Rionge is a serial entrepreneur from Kenya who co-founded Wanachi Online, an internet service provider that became one of East Africa's most successful cable, broadband, and internet-based phone companies. She has also co-founded several other companies, including a startup incubator and coworking space. Rionge got her start selling yoghurt and working at the local hairdresser, before venturing into business.
Socia heads up Next Century Cities, a nonprofit coalition of 128 cities (and counting) that have vowed to find a way to provide their residents with gigabit fiber broadband internet connections. Founded in 2014, Next Century Cities's plan is to help American communities get fiber via any means, whether it's partnering with an internet service provider or building out a network themselves. Socia is dedicated to providing everyone with high speed, affordable internet.
Thuy Truong is a budding entrepreneur who the BBC recently dubbed "Vietnam's start-up queen." Born in Vietnam, she was educated in the US and then moved back to Vietnam to start up several business ventures with friends. After testing the waters with a frozen yoghurt business and a collaborative drawing app, Truong founded a social messaging app called Tappy. Around 10 months after it launched, Silicon Valley-based mobile gaming company Weeby acquired the app. Truong is currently working as Weeby's Asia business development director, splitting her time between San Francisco and Vietnam.
After receiving her PhD in mathematics from Princeton in 2007, Italian mathematician Corinna Ulcigrai went on to receive an award from the European Congress of Mathematics for solving a long-standing question about chaotic properties of area-preserving flows. She was awarded the European Mathematical Society Prize in 2012, and the Whitehead Prize in 2013. She now teaches at the University of Bristol in the UK.
Born to a Mexican family in Santa Fe, Villa-Komaroff went on to receive a PhD in cell biology from MIT and to become one of the founding members of the Society for Advancement of Chicanos and Native Americans in Science (SACNAS). In 1978, she became the first author of a report showing that bacteria could be induced to make proinsulin—representing the first time a mammalian hormone was ever synthesized by bacteria. She is also the recipient of the Hispanic Engineer National Achievement Award, and she has been inducted into the Hispanic Engineer National Achievement Hall of Fame.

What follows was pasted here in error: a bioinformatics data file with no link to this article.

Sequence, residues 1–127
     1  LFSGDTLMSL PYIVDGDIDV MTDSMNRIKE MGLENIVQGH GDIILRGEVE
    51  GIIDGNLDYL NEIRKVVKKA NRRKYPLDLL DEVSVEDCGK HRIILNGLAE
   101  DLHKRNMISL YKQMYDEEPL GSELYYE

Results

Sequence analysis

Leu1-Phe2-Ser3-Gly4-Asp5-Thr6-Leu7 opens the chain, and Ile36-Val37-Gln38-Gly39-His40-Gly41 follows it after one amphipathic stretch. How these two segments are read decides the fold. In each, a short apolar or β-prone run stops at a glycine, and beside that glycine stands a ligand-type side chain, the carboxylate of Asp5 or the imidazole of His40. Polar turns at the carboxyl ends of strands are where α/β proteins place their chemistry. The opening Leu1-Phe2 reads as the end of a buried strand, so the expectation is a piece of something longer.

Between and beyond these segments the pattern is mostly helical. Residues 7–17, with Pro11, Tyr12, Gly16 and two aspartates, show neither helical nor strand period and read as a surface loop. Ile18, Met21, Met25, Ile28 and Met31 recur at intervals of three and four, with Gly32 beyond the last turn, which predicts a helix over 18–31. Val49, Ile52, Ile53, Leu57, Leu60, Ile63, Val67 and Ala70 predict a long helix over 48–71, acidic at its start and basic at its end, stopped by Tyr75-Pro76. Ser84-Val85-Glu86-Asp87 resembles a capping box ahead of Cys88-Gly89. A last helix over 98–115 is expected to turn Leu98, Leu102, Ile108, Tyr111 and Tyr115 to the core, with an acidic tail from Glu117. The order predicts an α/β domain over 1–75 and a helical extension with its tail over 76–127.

Williams is professor of ecology and evolutionary biology at the University of California, Santa Cruz. Her work focuses on large mammalian predators, especially aquatic species. She has traveled around the world studying animals such as whales, seals, and dolphins. Her research interests primarily include swimming and running energetics. In 1989, she began dedicating much of her time to conservation. During the Exxon Valdez oil spill, Williams was on the front lines, directing sea otter rescue efforts. Each year since the spill, she has traveled back to Alaska in order to train a new batch of wildlife responders, so that when another spill happens there is a team prepared to handle it.
Women In Technology International (WITI) Hall of Fame inductee Jian Xu works as a distinguished engineer at IBM and is part of the IBM Academy, an elite group of the company's top engineers. She held the highest non-executive position as an engineer at IBM, and now runs the company's China Systems and Technology Labs in Shanghai. She has filed over 20 patents and mentors fellow women engineers.
Chinese scientist Tu Youyou became her country's first female Nobel Prize recipient when she won the award for medicine in 2015. She was honored for her kickass research on malaria, which paved the way towards a new treatment for the disease. Tu and her team extracted a substance from Artemisia annua, a kind of roundworm, that proved capable of reducing malaria rates for millions across the globe. She won the award with two others, America's William Campbell and Japan's Satoshi Omura. What makes Tu even more badass is that she doesn't have a medical or doctorate degree, but got her start instead as a researcher at the Academy of Chinese Traditional Medicine after attending pharmacology school.
Zomorodi is the host and managing editor of Note to Self, a weekly WYNC Studios podcast that aims to explore how technology is changing our everyday lives. The show's tens of thousands of listeners have tuned in to Zomorodi's discussion of topics like sexting, digital eavesdropping, and information overload. She also created Bored and Brilliant, an interactive project that got people around the globe thinking critically about their relationship with smartphones. She is the recipient of four awards from the New York Press Club, and in 2014, the Alliance for Women in Media named her Outstanding Host.